What projects do you wish you’d worked on?
Honestly, I have been very fortunate to have worked on all of the best projects that have come to Florida. I certainly wish that some of the TV shows I have worked on would have been picked up for additional seasons. I cast two seasons of “Magic City.” It was such a challenging show to work on. I was able to cast such great characters. It was not given a third season, which would have really made a difference.

In addition to open calls, where do you find new talent?
I have been invited to speak at so many acting schools and colleges throughout the state of Florida. When I get the chance, I go to these schools. I have found some wonderful actors hiding out in classes. I love when I discover someone in a workshop or a class before anyone else has found them.

What is the best way for actors to impress you enough that you’ll bring them in for another project?
Do a great job on their audition. Be prepared, arrive early, act professional. When an actor consistently gives a great audition, I always take note.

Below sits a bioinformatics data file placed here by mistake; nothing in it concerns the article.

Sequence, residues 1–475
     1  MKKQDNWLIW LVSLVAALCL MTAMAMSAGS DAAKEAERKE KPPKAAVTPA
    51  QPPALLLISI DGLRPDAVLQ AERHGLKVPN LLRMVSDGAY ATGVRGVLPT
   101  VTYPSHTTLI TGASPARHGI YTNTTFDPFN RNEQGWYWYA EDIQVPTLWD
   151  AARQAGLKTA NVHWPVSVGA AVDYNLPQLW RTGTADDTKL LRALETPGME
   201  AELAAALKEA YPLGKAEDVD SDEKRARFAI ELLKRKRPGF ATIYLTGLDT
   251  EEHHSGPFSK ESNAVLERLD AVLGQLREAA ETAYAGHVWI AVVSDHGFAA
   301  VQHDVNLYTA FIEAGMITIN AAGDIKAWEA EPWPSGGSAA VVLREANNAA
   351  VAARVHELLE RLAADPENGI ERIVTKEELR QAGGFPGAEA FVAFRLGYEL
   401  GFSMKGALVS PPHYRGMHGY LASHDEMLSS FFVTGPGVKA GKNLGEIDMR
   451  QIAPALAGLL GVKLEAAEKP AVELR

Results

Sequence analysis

How important is training versus experience to you?
I think training is very important. I also think theater is a great training ground. In Florida, an actor may not get to work on a more consistent basis, so it is important that they keep up their craft. The very best way to keep up their craft is to keep training. I also think it is important to train with many different teachers. Each teacher will bring another element to the actor’s toolbox. I always tell actors if they learn one thing in each class, then they got their money’s worth. Hopefully, they will learn more than one thing.

What makes a casting session successful?
To me, what makes a casting session successful is the caliber of the acting. If I get great actors in the room and on self-tapes and they do a great job, I am happy. Ultimately, if the client is happy, then it was a successful casting session.

What advice would you give to someone who is looking to go into casting as a career?
I would tell them to try to get an internship in a busy casting office to make sure this is what they want. I was given a very great piece of advice when I was first starting out. I was told to see lots of theater. I would add also to watch lots of film and television, too. Not to watch for the storylines so much, but to watch the actors. Study the actors, watch their acting, their facial expressions, their body language. Study the actors! I did that when I was first starting out and this taught me how to cast. There is no school or college to teach students how to become a casting director. It takes time and determination and studying other casting choices. It doesn’t happen right away, but when you, as a casting director, pick your favorite actor for a role and the director picks that very same person, it is so gratifying.